David Krol doesn't expect to use the $15,000 esports scholarship he won at Full Sail University — he plans to go pro.
Flagler Palm Coast sophomore David Krol was awarded a $15,000 scholarship at Full Sail University for winning its high school TechFest esports tournament on Nov. 12.
But Krol does not expect to ever use the scholarship. Unlike most 15-year-olds, he knows exactly what he wants to do when he turns 18, and college is not part of the plan.
He wants to compete and stream his game performances of Super Smash Bros. Ultimate.
“My goal for the next two or three years is to be a career competitor for Smash and streaming on Twitch and potentially uploading to YouTube,” he said. “In the future, by the time I’m 18, I’d like to hire an editor to post my streams.”
His said his parents have made his esports career possible.
“Without my parents, nothing would have happened. I’m definitely very, very grateful. I’ve proven to them that this is a viable option for a career. In tournaments and streaming, I’ve made over $25,000 the last couple of years.”
— DAVID KROL, FPC sophomore
“Without my parents, nothing would have happened. I’m definitely very, very grateful. They drive me to really far away tournaments. They want me to do what I love to do. I’ve proven to them that this is a viable option for a career. In tournaments and streaming, I’ve made over $25,000 the last couple of years.”
Last month, Krol received a sponsorship from AITX Artificial Intelligence Technology Solutions robotics company to subsidize his Super Smash Bros. competitions. His $500-a-month salary pays for expenses.
“It’s a start,” he said.
He met the AITX people at a “Smash” tournament in New York they were sponsoring. He ended up beating the No. 1-ranked player in New Jersey and the fourth-ranked player in New York.
Krol is well-known in Smash circles as TM7_ZAP, but he does not have a Panda Global Ranking, because he hasn’t entered enough in-person or “off-line” tournaments yet. Getting a ranking is his goal right now.
“I’ve only started to go to more off-line events recently,” he said. “I haven’t been ranked yet. I’ve beaten every person on the Central Florida rankings so far at least once."
He competed in DreamHack Atlanta on Nov. 18-20, winning six of eight tournament sets to finish 25th out of about 450 competitors, despite breaking his controller in the car on the way up.
“It was an adventure playing on borrowed controllers,” he said.
Practicing in the car on the way to tournaments is part of his routine.
“I practice movements, combos, neutrals, practice being in an advantage state, being in a disadvantaged state,” he said.
Next month, his fellow airline passengers can watch him practice his movements as he flies to Los Angeles for the Panda Cup Finale, Dec. 16-18. AITX is sending an esports team of four Smash players, including Krol, to the tournament.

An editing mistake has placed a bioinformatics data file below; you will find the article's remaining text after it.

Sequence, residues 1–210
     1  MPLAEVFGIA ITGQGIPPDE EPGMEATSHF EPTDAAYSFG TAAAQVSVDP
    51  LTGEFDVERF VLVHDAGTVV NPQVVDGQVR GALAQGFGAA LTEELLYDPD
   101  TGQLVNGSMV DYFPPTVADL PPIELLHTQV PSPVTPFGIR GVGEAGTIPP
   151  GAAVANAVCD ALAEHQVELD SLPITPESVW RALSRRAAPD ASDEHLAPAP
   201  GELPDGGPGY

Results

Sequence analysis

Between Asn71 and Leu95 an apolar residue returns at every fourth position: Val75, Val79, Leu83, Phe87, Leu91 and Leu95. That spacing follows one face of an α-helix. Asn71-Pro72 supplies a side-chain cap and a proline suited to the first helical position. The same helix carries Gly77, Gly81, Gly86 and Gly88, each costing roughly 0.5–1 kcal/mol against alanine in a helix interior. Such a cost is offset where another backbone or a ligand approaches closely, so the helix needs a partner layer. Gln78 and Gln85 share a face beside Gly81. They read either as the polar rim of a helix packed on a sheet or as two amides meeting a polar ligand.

AITX is paying for his flight. If he does well in major tournaments, he’ll receive contract upgrades from the company, he said.
Krol has beaten a few players ranked among the top 50 in the world. He won tournaments in Valdosta, Georgia, and St. Augustine and finished second at Fall GatorLAN in Gainesville. He’s also won online tournaments and finished third out of 800 competitors in a Coinbox tournament.
TWO OTHER LOCALS PLACE AT FULL SAIL
Krol was not the only FPC student to place at the Full Sail University Smash tournament. Fletcher Carroll and A.J. Davis, who has since transferred to Matanzas, were among four players who tied for fifth place. There were over 170 high school students competing in the tournaments.
FPC math teacher John Mastropierro, who leads FPC’s esports club, accompanied the students to the tournament. Krol, Carroll and Davis have all participated in the club.
“When I tell parents that colleges are looking for students to play video games and are giving them full rides and paying for their room and board, they don’t really believe me that it's actually happening.”
JOHN MASTROPIERRO, FPC esports team sponsor
The club meets two hours a day after school. They play Overwatch 2 and Valorant in addition to Smash. Mastropierro said there are 20 to 30 students in the club but most don’t come every day.
Three students won scholarships at the Full Sail tournament. Full college scholarships for esports players are becoming more common with more colleges establishing esports teams, Mastropierro said.
Krol said he is training the other FPC club members as much as he can. He said he recently introduced Davis and his little brother to tournaments.
Smash is the only video game Krol competes in, but his tournament career started when he was about 8 years old playing table tennis and chess. He has about 30 trophies from chess tournaments, and he met Garry Kasparov when the Russian grandmaster hosted a chess tournament in Brooklyn, New York.
Krol also plays piano and has performed in recitals. He said the hours of practice he’s put in for chess, table tennis and piano has helped prepare him for his current passion.
Krol’s family moved to Palm Coast from Sheepshead Bay, Brooklyn, in August, 2021. They chose Florida over Colorado, he said, because there are a lot of Smash tournaments in Florida and Georgia.
“When I tell parents that colleges are looking for students to play video games and are giving them full rides and paying for their room and board, they don’t really believe me that it's actually happening,” Mastropierro said. “Right now I’m talking with a college recruiter at Keiser and another in Alabama. The opportunities are out there.”